BRAZZAVILLE, Republic of the Congo, Feb. 26 (UPI) -- The World Health Organization reported Wednesday at least 95 cases of infection with the deadly Ebola virus have been confirmed in the Cuvette-Ouest region of the Republic of Congo, resulting in 77 deaths so far.
WHO officials also said they have identified 149 more people who had been in contact with patients suffering from the highly contagious hemorrhagic fever, which has been concentrated in the remote forest districts of Etoumbi, Mbomo and Kelle, near the country's border with Gabon.
The All-Africa online news service reported Congo's Red Cross, which has 62 volunteers trained in techniques to combat Ebola, has been attempting to assess the situation in those areas. Efforts are underway by the country's health ministry, the WHO and other agencies to increase awareness of the disease among the village populations, where the outbreak has been concentrated.
The efforts also include identifying additional suspected cases, placing victims under quarantine, enacting infection-control measures and warning the local population not to eat wild animal meat or touch dead animals, and to adopt safe practices during funeral rites, All-Africa's Web site said.
"Ebola is devastating and terrifying. It can kill those who care for the sick, and those who perform funeral rites," Dr. Bernard Moriniere, senior epidemiologist for the Red Cross, said in a written statement.
"Enforcing effective control measures while establishing trust and respecting the fears, traditions and beliefs of the community is very difficult in a context of death and despair," Moriniere said. "Community-based Red Cross volunteers can play a crucial role as a trusted bridge that is often lacking in such situations."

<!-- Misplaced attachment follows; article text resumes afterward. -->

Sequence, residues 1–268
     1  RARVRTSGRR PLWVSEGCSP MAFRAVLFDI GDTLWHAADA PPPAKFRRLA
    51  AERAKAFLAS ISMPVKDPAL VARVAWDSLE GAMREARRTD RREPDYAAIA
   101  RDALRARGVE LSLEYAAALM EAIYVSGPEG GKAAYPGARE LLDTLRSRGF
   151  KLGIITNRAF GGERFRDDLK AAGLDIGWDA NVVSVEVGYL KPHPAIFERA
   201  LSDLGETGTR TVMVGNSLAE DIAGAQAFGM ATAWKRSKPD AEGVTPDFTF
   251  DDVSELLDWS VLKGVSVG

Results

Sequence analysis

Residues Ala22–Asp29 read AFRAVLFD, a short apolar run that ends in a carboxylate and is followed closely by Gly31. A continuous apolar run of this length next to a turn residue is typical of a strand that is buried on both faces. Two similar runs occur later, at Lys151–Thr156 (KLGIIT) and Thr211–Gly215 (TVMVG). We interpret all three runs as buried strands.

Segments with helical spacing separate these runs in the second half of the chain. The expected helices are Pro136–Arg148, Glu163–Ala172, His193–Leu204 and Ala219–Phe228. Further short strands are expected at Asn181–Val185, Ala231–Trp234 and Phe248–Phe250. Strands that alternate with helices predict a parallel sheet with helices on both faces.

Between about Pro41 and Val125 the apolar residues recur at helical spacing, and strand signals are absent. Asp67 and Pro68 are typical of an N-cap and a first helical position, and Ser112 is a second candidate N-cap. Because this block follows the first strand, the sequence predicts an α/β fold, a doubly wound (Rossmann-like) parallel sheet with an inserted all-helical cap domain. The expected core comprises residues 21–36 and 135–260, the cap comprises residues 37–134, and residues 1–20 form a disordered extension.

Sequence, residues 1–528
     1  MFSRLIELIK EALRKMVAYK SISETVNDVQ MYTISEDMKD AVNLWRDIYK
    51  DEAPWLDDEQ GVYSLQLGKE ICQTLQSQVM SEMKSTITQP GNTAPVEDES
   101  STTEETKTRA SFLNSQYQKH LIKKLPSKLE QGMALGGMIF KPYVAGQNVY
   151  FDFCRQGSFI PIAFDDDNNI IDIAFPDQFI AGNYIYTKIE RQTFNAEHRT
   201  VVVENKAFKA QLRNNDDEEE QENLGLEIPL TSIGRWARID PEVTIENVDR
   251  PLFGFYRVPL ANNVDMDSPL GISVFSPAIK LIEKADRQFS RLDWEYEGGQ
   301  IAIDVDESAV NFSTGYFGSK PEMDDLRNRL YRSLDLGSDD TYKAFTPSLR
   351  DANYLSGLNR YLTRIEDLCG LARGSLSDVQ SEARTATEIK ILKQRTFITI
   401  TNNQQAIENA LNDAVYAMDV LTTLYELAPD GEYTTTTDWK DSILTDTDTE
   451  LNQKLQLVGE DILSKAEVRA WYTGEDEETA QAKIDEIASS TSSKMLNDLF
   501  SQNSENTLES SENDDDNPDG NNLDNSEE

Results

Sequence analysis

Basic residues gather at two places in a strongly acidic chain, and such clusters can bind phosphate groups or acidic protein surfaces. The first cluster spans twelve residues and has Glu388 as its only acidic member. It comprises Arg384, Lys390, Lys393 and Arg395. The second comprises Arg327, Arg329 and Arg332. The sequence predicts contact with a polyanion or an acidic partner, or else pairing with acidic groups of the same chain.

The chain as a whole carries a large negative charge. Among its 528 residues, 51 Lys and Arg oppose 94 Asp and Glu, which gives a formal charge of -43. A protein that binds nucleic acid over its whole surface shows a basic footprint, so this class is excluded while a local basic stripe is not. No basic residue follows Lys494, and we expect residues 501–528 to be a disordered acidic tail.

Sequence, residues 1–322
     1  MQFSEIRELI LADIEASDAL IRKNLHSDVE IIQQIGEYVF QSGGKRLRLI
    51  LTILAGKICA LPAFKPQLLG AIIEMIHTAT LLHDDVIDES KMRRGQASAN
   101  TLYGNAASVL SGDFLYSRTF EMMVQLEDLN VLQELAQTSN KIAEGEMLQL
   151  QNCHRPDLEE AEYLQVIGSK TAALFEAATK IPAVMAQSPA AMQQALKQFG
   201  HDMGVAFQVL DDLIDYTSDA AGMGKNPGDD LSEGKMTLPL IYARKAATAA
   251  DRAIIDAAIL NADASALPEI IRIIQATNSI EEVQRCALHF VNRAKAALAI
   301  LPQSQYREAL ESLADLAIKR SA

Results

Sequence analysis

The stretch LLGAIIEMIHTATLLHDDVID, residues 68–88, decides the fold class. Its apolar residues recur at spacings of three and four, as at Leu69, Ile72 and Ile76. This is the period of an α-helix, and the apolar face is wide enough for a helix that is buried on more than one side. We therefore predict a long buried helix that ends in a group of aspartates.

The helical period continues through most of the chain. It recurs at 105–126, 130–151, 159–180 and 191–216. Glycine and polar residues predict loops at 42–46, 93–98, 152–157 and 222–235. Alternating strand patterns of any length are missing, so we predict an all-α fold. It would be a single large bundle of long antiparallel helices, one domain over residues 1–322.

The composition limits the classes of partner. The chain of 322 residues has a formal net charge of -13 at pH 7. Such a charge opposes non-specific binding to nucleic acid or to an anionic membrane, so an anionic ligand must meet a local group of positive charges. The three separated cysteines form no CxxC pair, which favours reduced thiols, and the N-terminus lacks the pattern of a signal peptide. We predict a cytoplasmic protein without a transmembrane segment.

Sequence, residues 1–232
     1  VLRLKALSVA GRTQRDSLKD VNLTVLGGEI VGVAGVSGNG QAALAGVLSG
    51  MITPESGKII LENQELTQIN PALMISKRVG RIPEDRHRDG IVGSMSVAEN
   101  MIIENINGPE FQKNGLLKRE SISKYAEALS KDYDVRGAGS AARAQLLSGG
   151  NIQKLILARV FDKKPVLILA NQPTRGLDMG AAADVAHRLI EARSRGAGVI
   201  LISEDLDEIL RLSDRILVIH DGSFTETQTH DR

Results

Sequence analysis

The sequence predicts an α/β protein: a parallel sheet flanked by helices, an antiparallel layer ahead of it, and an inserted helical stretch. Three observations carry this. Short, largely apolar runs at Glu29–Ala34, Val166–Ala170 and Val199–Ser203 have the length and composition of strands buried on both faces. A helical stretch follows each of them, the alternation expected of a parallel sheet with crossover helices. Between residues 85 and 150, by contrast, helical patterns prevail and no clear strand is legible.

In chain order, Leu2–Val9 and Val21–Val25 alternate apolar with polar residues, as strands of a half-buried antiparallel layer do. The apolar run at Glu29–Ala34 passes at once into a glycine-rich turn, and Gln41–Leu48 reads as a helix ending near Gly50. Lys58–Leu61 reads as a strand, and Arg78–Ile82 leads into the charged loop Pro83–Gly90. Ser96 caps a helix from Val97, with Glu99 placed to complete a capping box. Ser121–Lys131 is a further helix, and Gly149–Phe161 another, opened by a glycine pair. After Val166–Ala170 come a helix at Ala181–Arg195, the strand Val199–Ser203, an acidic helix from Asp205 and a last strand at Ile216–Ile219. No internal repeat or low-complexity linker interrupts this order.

The Centers for Disease Control and Prevention in Atlanta advises that Ebola hemorrhagic fever, or Ebola HF, is "a severe, often-fatal disease in humans and nonhuman primates (monkeys, gorillas, and chimpanzees) that has appeared sporadically since its initial recognition in 1976." It is caused by a virus.
The disease is named after a river in the Democratic Republic of the Congo, formerly Zaire (and not Republic of Congo) in Africa where it was first recognized. The virus is one of two members of a family of RNA viruses called the Filoviridae. There are four known subtypes of Ebola virus, of which three have caused disease in humans: Ebola-Zaire, Ebola-Sudan and Ebola-Ivory Coast.
A fourth strain, Ebola-Reston, caused disease in chimpanzees but not humans. Its progress from Africa to the United States was described in 1994 in the best-selling book, "The Hot Zone," by Richard Preston.
Ebola symptoms include fever, diarrhea, severe blood loss and intense fatigue. The virus tends to dissolve the body's tissues, permitting infected liquids to escape, thereby allowing the organism to "jump" to new victims. There is no cure, and up to 90 percent of those infected die within a matter of days. The best way to halt Ebola's spread is through prevention and prompt detection and isolation of suspected cases.
Congo authorities were first alerted to a possible Ebola outbreak when a group of gorillas in the region began dying, All-Africa reported. Tests carried out on the bodies confirmed they had died of Ebola. Officials said they suspect the current outbreak in humans has been caused by villagers eating primates infected by the virus.